One technique I've seen to help is to draw 'performance bars' on screen each frame, a little bar chart which can give you an idea of the time taken by each section of the code. You can see with this as you work what is using up lots of performance, and what is spiking performance too, which can be as big an issue. You can also see as you develop, oops, I just made something incredibly performance sapping.

I won't say too much on making your code fast as there's loads written on this already, it's a massive topic.

You may also be facing some rendering / gameloop synchronization issues, which can be a bit fiddly to get right.

As hodgman says, 0.07 seconds sounds like way over for a gametick. However, to play devil's advocate, if you fixed your timestep at 10 ticks per second, and used interpolating rendering as you should, you'd get silky smooth gameplay (assuming your rendering was totally independent). In fact if you write your code right, you can just change your tickrate #define to e.g. once per second, and it will still look silky smooth (just the physics / reactions etc will be well stodgy lol).[img]http://public.gamedev.net//public/style_emoticons/default/cool.png[/img]

However in the real world, with spikes in gametick times, you'll probably need a bigger comfort zone to prevent the render thread getting 'starved' of updates, and stuttering.

Also, if you are talking about a non-fixed platform (i.e. not a console) then remember people might be playing on a lower spec machine than your development box. It's great if your PC game runs just about on top spec hardware, but not so great if it becomes unplayable on the other 90% of people's machines.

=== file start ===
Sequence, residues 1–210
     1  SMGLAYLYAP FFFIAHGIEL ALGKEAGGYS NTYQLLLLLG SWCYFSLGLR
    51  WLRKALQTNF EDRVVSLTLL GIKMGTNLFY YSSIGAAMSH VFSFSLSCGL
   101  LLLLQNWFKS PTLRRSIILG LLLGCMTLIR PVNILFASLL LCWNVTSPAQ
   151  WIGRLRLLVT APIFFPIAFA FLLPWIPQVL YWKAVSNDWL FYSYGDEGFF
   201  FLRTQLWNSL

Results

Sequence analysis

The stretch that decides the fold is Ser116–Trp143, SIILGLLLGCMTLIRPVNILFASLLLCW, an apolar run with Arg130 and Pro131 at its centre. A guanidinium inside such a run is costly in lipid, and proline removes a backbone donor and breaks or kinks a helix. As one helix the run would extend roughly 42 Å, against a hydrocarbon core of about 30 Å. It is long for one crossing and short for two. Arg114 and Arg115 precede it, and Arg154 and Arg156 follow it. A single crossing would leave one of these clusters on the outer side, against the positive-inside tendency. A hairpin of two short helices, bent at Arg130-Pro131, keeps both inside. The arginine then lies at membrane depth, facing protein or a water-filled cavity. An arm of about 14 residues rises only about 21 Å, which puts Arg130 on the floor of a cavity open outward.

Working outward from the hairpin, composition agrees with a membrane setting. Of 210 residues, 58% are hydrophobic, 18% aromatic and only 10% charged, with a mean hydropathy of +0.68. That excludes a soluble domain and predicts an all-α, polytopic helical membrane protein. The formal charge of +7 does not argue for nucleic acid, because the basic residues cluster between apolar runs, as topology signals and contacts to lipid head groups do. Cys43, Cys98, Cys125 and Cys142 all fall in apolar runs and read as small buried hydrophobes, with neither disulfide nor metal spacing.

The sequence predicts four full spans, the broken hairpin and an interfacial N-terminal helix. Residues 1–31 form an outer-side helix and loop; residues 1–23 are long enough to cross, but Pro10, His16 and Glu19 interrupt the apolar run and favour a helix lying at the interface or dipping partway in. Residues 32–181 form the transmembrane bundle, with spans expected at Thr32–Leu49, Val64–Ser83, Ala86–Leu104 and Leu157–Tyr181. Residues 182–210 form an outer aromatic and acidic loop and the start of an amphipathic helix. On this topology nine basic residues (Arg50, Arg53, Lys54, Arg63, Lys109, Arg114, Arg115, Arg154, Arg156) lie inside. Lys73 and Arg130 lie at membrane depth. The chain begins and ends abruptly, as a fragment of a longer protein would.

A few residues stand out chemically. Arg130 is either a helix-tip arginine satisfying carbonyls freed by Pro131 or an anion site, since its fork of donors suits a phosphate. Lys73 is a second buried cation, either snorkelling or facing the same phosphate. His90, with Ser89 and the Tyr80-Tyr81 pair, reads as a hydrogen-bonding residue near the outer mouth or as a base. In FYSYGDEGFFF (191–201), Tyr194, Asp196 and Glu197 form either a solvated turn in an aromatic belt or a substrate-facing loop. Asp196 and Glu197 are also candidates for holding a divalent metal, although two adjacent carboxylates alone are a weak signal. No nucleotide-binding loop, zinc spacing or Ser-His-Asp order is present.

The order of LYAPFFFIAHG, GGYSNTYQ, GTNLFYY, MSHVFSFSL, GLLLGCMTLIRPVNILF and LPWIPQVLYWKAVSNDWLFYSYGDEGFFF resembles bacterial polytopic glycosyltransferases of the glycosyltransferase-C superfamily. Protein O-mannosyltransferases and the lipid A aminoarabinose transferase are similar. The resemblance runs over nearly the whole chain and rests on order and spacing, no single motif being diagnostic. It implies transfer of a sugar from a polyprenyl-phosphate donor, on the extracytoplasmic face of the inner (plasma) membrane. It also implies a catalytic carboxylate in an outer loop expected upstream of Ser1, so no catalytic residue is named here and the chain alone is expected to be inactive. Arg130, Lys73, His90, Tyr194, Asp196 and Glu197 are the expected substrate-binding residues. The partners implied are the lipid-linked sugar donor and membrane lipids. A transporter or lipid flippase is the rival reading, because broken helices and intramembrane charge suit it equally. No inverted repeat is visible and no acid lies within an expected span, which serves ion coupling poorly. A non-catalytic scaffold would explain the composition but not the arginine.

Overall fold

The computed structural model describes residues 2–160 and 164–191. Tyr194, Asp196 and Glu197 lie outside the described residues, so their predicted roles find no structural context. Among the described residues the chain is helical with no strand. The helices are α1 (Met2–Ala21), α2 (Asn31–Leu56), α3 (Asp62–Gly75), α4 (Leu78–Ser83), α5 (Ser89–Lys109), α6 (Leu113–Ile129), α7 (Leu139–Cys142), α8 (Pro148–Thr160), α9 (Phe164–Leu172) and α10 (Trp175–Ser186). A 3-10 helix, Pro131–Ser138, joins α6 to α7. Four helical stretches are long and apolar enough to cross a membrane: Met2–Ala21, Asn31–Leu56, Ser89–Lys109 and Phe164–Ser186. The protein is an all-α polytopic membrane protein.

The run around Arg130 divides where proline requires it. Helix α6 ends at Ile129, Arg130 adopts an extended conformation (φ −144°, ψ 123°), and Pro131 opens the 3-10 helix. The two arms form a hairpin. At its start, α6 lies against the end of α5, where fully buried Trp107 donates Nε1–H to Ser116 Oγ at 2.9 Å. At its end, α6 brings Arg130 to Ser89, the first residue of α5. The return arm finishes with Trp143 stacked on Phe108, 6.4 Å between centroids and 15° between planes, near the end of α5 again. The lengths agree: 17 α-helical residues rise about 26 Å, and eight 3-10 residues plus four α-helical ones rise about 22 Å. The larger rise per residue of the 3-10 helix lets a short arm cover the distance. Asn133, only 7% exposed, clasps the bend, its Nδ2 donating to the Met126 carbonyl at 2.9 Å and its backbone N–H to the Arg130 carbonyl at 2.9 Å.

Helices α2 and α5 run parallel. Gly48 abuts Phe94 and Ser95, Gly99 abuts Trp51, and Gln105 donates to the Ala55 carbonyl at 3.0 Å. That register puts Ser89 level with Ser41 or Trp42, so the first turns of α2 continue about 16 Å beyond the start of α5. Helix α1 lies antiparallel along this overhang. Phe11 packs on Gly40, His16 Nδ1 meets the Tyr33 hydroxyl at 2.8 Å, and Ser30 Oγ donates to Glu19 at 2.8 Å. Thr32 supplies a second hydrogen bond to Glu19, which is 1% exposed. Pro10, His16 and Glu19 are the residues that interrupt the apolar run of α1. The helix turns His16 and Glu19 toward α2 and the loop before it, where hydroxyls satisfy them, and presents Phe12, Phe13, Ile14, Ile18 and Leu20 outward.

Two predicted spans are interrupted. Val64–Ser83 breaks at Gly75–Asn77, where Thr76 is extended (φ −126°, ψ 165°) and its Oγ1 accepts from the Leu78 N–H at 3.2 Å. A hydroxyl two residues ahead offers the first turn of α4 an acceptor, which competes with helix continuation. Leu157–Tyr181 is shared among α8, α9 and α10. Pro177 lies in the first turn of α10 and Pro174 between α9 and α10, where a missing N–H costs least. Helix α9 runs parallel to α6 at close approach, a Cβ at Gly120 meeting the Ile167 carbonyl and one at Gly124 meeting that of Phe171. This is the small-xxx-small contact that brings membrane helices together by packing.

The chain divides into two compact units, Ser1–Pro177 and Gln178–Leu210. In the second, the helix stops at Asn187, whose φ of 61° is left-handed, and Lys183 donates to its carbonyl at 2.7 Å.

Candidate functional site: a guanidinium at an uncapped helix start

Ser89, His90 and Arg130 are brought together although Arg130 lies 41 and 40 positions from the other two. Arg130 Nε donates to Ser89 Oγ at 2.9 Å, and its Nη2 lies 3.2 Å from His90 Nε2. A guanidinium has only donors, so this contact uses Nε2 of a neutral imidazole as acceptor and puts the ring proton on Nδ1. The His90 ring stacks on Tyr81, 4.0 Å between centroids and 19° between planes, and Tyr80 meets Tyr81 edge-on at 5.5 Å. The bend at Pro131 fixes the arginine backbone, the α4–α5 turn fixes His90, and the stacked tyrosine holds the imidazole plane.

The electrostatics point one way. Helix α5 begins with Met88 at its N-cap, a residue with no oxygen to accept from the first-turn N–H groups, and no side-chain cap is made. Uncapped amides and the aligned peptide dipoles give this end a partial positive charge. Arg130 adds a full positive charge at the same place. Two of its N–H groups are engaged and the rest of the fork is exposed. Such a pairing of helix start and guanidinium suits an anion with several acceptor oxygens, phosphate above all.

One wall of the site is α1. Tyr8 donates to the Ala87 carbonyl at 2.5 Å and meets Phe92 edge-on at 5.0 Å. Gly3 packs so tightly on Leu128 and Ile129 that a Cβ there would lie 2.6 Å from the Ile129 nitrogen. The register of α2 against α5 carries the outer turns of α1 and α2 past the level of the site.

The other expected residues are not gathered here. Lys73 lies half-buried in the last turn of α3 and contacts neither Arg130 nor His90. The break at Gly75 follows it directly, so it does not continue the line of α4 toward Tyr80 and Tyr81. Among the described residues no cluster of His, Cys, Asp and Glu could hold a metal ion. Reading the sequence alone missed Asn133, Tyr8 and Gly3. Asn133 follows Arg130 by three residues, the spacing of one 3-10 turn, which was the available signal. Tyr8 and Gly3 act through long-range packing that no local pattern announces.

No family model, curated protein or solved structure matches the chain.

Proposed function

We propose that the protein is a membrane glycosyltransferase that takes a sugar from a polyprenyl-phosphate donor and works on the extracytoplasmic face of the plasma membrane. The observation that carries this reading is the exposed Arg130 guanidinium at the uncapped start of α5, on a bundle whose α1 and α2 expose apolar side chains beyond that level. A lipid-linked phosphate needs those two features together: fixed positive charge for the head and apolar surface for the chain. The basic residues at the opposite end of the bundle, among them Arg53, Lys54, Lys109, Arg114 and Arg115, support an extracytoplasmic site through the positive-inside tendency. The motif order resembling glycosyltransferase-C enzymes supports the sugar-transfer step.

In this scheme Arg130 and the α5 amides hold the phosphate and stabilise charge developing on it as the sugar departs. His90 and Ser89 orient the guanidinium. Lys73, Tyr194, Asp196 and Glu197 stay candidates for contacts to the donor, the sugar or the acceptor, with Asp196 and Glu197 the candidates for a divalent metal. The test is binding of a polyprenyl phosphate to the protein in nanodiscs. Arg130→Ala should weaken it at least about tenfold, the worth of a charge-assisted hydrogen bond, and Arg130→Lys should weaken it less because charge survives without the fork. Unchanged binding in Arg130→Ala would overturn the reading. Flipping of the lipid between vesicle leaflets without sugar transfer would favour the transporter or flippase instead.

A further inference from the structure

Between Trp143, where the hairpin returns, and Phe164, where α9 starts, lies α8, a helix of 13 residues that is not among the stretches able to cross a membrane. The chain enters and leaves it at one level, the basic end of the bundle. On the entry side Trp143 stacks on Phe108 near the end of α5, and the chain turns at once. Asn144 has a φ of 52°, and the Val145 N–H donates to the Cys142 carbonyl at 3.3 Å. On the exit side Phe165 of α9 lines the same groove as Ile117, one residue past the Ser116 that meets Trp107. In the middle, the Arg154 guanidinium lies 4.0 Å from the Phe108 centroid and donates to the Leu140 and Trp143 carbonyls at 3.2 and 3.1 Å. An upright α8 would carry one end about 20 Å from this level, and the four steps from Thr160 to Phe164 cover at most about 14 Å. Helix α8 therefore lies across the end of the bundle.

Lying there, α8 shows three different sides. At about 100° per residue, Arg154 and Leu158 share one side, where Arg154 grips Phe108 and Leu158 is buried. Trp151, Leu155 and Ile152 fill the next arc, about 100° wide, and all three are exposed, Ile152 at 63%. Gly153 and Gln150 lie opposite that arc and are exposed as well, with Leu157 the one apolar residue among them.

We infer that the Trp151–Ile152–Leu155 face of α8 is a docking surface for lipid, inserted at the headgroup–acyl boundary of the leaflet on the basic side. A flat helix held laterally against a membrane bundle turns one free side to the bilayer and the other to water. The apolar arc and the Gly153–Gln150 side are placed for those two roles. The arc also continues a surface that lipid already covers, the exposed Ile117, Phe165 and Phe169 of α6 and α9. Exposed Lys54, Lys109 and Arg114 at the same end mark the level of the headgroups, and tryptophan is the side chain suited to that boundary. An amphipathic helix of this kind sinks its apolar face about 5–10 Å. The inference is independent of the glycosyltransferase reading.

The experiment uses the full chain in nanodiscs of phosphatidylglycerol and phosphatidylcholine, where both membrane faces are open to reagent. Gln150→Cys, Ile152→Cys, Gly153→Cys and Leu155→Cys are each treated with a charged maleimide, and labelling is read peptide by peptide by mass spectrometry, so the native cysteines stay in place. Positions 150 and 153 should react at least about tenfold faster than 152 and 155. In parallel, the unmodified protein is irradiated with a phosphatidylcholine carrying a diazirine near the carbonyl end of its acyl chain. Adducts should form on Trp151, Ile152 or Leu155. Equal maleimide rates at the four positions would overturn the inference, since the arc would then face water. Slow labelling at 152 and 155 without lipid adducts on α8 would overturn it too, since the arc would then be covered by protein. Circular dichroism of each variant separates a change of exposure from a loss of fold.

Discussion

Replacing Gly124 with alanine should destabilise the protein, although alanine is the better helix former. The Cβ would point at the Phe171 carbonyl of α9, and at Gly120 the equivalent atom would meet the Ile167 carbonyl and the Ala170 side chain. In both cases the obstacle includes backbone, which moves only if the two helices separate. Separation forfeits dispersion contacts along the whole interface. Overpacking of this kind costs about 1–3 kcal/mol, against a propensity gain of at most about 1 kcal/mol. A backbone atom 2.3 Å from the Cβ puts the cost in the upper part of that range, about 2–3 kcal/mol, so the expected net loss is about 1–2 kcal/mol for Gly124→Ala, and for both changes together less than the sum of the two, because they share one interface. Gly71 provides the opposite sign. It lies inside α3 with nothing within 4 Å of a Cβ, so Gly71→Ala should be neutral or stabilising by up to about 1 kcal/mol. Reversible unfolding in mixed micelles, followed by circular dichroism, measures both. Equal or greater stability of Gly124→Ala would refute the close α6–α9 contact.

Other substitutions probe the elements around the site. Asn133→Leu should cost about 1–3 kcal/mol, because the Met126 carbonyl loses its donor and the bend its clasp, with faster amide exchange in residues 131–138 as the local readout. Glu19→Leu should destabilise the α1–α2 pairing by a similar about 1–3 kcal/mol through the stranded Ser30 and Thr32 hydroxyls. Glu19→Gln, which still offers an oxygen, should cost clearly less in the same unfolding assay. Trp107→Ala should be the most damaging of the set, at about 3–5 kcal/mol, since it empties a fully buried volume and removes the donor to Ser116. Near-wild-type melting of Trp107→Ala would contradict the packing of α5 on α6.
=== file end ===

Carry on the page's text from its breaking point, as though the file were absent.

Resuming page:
Personally I tend to shoot for great performance on a machine that is about quarter the power of current 'high spec'. That covers most of the bases. It's crucial that the game tick rate at least runs fine on low spec machines, because then at least the rendering can be scaled back without 'breaking' the game.
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a few pieces of generic advice (Since you've not posted the slow code):

1) Make sure you are actually doing an optimized build when you profile, (Debug builds can be horribly slow).
2) Avoid making unnecessary calculations in tight loops, (If a part of a longer expression is constant you can calculate it outside the loop and reuse it).
3) Avoid creating/destroying objects frequently. (keep short lived objects (bullets, particles, etc) in a pool and reuse them instead of constantly creating new ones)
4) Use appropriate containers for your objects. (vectors tend to be faster than lists for most purposes unless you need to frequently remove items from the middle while retaining object order).
5) If you are doing things like collission detection between many objects try to use some form of space partitioning to cut down the number of checks made or use fast coarse checks before the more detailed checks. (AABB or Sphere/Distance checks are fast, mesh or per pixel checks are relativly slow)
6) If you are comparing distances/vector lengths, use the squared distance/length to eliminate the sqrt call (They're fairly expensive and often unnecessary). (This trick makes circle or sphere collision checks even faster)
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Iam quite new to this (Scenegraph Operations) but Frustum and Occlusionculling could be 1) Twek to get more Renderperformance.
For math it might be usefully to shorten the formulars (espacially cosinus ect) as set of matrices methods or functions wich should
be inlined, to get opcode cache benefits. Just my 2 cents.

Peter
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Thank you, everyone.

To answer SimonForsman, the question itself is about a general problem, so I wouldn't think it is helpful to post my codes, as it might make the topic more specific than what I intended.